Missy and I have been trying to visit this place for years, but their hours are weird. For instance, they are opening a new location near Wytheville, Virginia, and so are no longer open on weekends. After a few aborted tries, I finally got the chance to taste a few key ingredients for life.
You can tell this place would stand out from the crowd in Bluefield. The restaurant is located in an old house along U.S. 52 before you turn into downtown Bluefield. Inside is very informal, but not quite kitschy.
That’s the view from my seat. Overall, there is room for maybe 20 plus an upstairs area. I was lucky and caught owner/chef Chris Disibbio on a night where he was there. Chris is a former personal trainer and from all accounts takes a healthy lifestyle very seriously. The Key Ingredients website(http://keyingredients.homestead.com/index.html ) discusses an overall experience that is “about the fusion of food, fitness and faith.” This would be ground ripe for parody if not pulled off, but I found Chris to be charming and excited about sharing good, healthy, locally grown food as part of a well-rounded life. He won me over, and I pride myself on being a curmudgeon.
The menu is a facinating mix of foods fancy and simple. For instance, they serve pigs in a blanket, but their take is Berkshire pork loin rolled in a tortilla and served with apple butter. I passed on that because I wanted the pork loin dinner, which was a huge, lean pork loin cut grilled medium well.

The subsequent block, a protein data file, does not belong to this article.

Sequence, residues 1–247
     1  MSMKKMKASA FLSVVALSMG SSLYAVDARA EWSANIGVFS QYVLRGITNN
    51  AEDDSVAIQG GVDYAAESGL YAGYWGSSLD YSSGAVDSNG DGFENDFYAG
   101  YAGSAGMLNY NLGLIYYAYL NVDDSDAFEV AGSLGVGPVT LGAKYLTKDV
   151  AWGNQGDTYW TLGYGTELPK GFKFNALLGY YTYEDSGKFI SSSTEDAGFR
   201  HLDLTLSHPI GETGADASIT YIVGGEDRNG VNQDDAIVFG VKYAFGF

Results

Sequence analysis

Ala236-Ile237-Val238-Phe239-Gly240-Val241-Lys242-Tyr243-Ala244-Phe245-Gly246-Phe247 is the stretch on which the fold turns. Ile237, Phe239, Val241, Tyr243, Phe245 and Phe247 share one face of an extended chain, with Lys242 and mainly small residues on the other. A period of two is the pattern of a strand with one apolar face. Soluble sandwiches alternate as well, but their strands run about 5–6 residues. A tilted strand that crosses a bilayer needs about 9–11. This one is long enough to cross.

This cut was very lean, but packed with pork flavor. It wasn’t super tender, but was more reminiscent of the texture of a good sirloin steak. It wasn’t tough by any stretch, it just required a good satisfying chew that gave you time to enjoy the flavor. On the side was a vinegary slaw and there was a bit of a peppery sauce to accompany the pork loin. The sauce was good, but wasn’t needed.
What sold me on the place, however, were the sides. Many traditional sides (organic mashed potatoes, corn bread, veggies) but the one that caught my eye was the ratatouille Who serves ratatouille as a side? I had to try it, even though I know it usually features the satan of vegetables: the bell pepper.
Yep, green bell peppers, which usually ruin for me everything in the kitchen if the cook even thinks about one. But here’s the rub, this was spectactular. The carrots, squash, zucchini, and onions were superb as they floated in that tomato/garlic sauce. The only thing that would have improved it was a piece of nice french bread to sop up the left over sauce (in fairness, Chris did offer me a chunk).
The meal was great, but the staff wanted me to enjoy dessert. For their sake, I agreed. The suggestion was a fresh bread pudding with pumpkin ice cream.
It was a perfect dessert. Perfect. In all, the meal cost me around $35 (including tip and one beer), but it was worth every penny.
Is it unique?
What do you think? How many places in the state actually offer a fusion of food, fitness and faith? That in and of itself is unique and that doesn’t take into account that Key Ingredients actually pulls it off. I can’t put Key Ingredients into the top level of WV restaurants (Cafe Cimino, Julio’s, Lot 12) but it is in the next level along with such places as South Hills Kitchen in Charleston, Stardust Cafe in Lewisburg, and Thyme Bistro in Weston.